Kerry And Electoral Illusions

by John Steppling

July 5, 2004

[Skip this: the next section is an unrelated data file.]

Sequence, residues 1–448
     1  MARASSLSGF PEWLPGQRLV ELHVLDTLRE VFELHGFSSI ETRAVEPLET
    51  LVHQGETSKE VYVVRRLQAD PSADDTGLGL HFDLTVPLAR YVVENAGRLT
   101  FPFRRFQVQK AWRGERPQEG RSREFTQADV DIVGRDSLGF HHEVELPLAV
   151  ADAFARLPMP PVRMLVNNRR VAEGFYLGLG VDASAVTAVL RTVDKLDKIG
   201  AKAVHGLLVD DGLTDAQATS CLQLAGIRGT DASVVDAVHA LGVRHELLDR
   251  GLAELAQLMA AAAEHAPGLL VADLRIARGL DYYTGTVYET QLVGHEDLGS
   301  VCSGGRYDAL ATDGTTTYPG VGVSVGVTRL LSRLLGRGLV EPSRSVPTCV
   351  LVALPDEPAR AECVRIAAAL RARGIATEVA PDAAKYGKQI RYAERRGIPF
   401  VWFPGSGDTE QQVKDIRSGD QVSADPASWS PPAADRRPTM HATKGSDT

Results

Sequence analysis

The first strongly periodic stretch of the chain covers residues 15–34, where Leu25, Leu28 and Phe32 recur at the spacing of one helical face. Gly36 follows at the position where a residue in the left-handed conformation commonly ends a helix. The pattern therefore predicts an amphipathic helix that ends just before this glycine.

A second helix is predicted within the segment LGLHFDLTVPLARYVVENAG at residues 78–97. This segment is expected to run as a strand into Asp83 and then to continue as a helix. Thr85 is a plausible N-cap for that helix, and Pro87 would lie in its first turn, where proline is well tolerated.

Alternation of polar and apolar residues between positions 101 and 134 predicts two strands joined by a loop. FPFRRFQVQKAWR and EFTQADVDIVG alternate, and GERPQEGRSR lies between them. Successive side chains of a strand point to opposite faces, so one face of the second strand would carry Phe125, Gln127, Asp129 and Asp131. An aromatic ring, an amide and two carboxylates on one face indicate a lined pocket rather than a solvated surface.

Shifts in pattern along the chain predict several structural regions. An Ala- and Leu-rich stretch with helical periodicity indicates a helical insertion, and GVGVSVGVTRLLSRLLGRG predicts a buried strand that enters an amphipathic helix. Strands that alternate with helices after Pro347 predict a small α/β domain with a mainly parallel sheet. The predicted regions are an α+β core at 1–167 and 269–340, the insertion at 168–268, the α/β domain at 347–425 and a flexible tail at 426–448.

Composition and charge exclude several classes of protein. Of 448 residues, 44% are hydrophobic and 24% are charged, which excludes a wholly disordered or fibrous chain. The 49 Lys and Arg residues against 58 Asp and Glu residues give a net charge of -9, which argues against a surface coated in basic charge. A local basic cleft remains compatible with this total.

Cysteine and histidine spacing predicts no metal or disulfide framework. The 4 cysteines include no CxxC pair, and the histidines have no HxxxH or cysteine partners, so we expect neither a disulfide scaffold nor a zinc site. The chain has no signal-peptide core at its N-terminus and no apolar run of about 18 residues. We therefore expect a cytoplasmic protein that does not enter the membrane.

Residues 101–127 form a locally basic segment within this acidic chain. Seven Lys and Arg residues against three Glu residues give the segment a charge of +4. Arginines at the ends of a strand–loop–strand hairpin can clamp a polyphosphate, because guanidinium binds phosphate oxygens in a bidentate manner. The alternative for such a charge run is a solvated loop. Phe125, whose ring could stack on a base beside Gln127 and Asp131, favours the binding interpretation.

(Swans - July 5, 2004)  I sympathize with the "anyone but Bush" sentiment, I really do. To imagine another four years of Ashcroft press conferences or Rumsfeld (who increasingly appears as a bipolar Hannibal Lector) briefings is almost enough to make me push that Diebold screen where the name John Kerry appears. Almost. I will not dispute the absolute absence of integrity this administration exhibits, nor its embarrassing stupidity, nor its open criminality; such observations are pretty obvious. However, to use a simple if reductive analogy, if a train is speeding toward a cliff and you had a choice of applying badly designed brakes that will slow it down a few miles per hour, or applying no brakes whatsoever...does it matter which choice you make? The train will go off the cliff anyway. Is John Kerry preferable to George Bush? My liberal friends insist, of course he is. They point to all kinds of issues that usually include abortion rights, Health and Human Services appointments, Supreme Court nominees and the environment. Perhaps he is better on some small level...perhaps. However, the entire discussion now obscures and mystifies deeper issues about electoral politics in general. John Kerry wants to end the Castro "regime," wants to get rid of Chávez, and wants more troops in Iraq. He supports Israel's right wing government and has indicated little interest in reforming the hegemony of the IFIs. He is part of the Imperialist ruling class and is, like 90% of American national office holders, a millionaire. However, whatever I think, the truth is that John Kerry matters very little, and George Bush matters very little; they are simply the branding for this fall's political discourse collection. The World Bank and the International Monetary Fund will continue to loanshark their way through the developing world (more accurately, the not-developing world) and structural readjustment will keep small and desperately poor nations under the thumb of the big rich ones. The WTO will continue to force the small and impoverished to bow to their wishes, and the corporate West will continue to squash anyone who wishes to in any way modify those earnings curves. The charade of democracy is in serious need of examination and a strategic vote for John Kerry is starting to seem, to me at least, a way of avoiding this examination. The hyper-militarization of the U.S. is what keeps its waste economy afloat. Over a billion dollars a day for the defense budget is a figure one ought to contemplate for a while. All the wringing of hands about the starvation in the Sudan or the various genocides (a popular word with liberals) around the planet seems to neglect just how easy it would be to fix such catastrophes....not to mention prevent them...and that to use a week's worth of defense spending on clean water and food for the planet's poor would yield dramatic improvements. It's of course not possible to convert such money, since money doesn't work that way...but the scale of military spending is the point here. The somnambulant populace, however, prefers to focus on bromides or jingoism, (and that Calvinist/Puritan attachment to punishment continues to keep prison construction the only other growth industry. Four times the number of inmates in the US are serving life sentences than in 1984. The U.S. executes children, the poor, and the mentally challenged, as well as, judging from Illinois, the innocent, at an accelerating pace) and to accept colonial occupations and support for dictators like Karamov in Uzbekistan and monarchies like the House of Saud. How much of this would change under John Kerry? The answer is exactly none of it.